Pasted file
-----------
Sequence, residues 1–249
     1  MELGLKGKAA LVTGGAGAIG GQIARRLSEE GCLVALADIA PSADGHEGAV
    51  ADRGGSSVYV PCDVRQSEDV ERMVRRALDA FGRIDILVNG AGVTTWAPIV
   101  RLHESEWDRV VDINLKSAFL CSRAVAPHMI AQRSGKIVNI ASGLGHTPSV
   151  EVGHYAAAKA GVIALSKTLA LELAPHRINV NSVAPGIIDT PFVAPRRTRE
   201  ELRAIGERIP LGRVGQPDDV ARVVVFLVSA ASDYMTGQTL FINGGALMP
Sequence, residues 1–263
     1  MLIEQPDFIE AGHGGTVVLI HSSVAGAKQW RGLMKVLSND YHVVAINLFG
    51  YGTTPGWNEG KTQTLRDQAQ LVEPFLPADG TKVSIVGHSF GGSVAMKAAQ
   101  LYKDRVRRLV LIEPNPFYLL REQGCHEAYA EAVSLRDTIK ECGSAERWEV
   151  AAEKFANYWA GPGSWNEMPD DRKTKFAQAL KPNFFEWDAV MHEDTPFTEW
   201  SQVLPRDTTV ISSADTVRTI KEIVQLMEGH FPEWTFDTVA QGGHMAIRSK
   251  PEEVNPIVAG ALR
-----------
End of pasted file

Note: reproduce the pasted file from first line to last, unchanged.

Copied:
Sequence, residues 1–249
     1  MELGLKGKAA LVTGGAGAIG GQIARRLSEE GCLVALADIA PSADGHEGAV
    51  ADRGGSSVYV PCDVRQSEDV ERMVRRALDA FGRIDILVNG AGVTTWAPIV
   101  RLHESEWDRV VDINLKSAFL CSRAVAPHMI AQRSGKIVNI ASGLGHTPSV
   151  EVGHYAAAKA GVIALSKTLA LELAPHRINV NSVAPGIIDT PFVAPRRTRE
   201  ELRAIGERIP LGRVGQPDDV ARVVVFLVSA ASDYMTGQTL FINGGALMP
Sequence, residues 1–263
     1  MLIEQPDFIE AGHGGTVVLI HSSVAGAKQW RGLMKVLSND YHVVAINLFG
    51  YGTTPGWNEG KTQTLRDQAQ LVEPFLPADG TKVSIVGHSF GGSVAMKAAQ
   101  LYKDRVRRLV LIEPNPFYLL REQGCHEAYA EAVSLRDTIK ECGSAERWEV
   151  AAEKFANYWA GPGSWNEMPD DRKTKFAQAL KPNFFEWDAV MHEDTPFTEW
   201  SQVLPRDTTV ISSADTVRTI KEIVQLMEGH FPEWTFDTVA QGGHMAIRSK
   251  PEEVNPIVAG ALR